By US Daily Review Staff.
The latest news in the Trayvon Martin death is an attempt by the decease’s mother to trademark his name. Kevin Price, Host of the Price of Business and Publisher of US Daily Review, visited with Charles Knobloch, a leading intellectual property attorney on the situation. Here is that exchange.
Price: So the mother files for trademark protection on their names and slogans. It is reported that the mother says she does not intend anyone to sell goods using the trademarks. Her attorney, when asked if the mother had any designs to make a profit, he says “none.” So, what do you think? Can somebody go out there and file for trademarks to stop others?
Knobloch: This is a good point. Actually, you must be using the mark in commerce or have a bona fide intent to use the mark in commerce in order to seek trademark registration. The Trademark office can refuse to register the mark and a trademark registration can fail for lack of intent to actually sell any goods or services using the mark. A trademark is deemed “void ab initio” on that ground. A trademark can be voided on that ground. A recent court case came out strong on that point – preventing a trademark application to go through.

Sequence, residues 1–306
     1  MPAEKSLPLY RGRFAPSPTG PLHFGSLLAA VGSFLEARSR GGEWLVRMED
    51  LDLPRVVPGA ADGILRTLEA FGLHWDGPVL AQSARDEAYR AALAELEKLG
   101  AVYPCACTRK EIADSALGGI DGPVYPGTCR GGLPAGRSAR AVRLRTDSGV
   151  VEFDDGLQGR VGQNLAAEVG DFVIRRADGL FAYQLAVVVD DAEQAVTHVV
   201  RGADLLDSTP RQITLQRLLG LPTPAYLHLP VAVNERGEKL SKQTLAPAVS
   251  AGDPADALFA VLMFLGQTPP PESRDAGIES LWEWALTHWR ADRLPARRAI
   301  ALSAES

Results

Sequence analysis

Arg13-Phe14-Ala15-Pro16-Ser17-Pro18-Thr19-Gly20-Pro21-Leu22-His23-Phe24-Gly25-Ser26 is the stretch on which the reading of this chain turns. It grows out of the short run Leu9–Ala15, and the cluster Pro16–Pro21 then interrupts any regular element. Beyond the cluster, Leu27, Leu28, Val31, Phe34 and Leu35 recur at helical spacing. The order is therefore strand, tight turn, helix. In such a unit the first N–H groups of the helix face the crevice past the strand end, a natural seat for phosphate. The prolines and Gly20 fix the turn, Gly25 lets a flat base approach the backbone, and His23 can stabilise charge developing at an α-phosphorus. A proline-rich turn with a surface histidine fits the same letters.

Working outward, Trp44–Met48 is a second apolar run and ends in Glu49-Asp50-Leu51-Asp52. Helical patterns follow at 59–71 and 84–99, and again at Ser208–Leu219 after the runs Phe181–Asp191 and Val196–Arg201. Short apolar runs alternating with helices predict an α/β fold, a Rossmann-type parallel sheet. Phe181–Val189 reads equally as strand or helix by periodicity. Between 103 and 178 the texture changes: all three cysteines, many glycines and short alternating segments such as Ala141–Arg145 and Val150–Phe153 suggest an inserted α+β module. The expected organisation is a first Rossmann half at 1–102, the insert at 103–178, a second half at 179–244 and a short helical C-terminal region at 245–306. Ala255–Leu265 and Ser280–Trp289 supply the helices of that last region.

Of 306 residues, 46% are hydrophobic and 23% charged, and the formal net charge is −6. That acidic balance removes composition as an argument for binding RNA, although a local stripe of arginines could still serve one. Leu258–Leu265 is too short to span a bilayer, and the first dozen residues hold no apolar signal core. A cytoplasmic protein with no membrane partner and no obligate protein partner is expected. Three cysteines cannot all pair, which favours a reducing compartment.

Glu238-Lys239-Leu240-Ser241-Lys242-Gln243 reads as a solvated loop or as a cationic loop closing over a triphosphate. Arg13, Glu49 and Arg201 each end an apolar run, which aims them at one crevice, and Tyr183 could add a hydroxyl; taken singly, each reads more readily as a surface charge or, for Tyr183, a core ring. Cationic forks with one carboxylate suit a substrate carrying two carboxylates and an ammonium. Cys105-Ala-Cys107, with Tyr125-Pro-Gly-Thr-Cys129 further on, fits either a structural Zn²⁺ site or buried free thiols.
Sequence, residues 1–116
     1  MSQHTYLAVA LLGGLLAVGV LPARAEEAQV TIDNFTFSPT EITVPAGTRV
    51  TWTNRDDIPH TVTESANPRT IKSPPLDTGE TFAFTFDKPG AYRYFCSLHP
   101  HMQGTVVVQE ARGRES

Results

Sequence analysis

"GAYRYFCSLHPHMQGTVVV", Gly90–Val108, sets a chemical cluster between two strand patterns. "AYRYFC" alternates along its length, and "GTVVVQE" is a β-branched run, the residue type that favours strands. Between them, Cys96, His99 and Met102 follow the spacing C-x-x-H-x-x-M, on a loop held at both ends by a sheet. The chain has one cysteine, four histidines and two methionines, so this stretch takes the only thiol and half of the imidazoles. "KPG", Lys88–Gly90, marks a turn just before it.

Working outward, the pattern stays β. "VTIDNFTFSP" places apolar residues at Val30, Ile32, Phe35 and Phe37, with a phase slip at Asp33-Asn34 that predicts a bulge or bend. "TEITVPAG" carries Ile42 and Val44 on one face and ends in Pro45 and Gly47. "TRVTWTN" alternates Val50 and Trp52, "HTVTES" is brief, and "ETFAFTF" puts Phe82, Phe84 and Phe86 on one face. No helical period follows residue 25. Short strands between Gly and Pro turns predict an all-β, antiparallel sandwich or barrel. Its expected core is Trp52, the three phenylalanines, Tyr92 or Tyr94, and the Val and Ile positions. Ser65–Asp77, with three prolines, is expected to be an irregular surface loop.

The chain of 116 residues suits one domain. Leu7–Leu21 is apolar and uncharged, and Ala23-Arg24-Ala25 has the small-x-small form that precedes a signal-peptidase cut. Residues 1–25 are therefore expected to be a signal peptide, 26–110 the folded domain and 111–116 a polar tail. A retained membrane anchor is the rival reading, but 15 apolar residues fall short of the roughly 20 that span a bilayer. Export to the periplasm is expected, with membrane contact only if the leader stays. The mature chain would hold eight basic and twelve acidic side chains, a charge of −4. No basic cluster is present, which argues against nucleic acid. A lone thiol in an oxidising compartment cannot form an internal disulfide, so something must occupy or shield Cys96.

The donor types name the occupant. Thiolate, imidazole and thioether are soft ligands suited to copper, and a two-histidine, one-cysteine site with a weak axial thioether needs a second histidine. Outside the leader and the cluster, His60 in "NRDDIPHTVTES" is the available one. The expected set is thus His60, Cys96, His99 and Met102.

Depending on how they filed the mark, if they had an intent to use the marks as a mark of membership or some other form of “collective” activity, the application for registration may have merit if the intent can be shown. Otherwise, generally, you can’t go around using trademark applications to reserve logos and slogans unless you have particular products or services that you truly intend to sell using the logos and slogans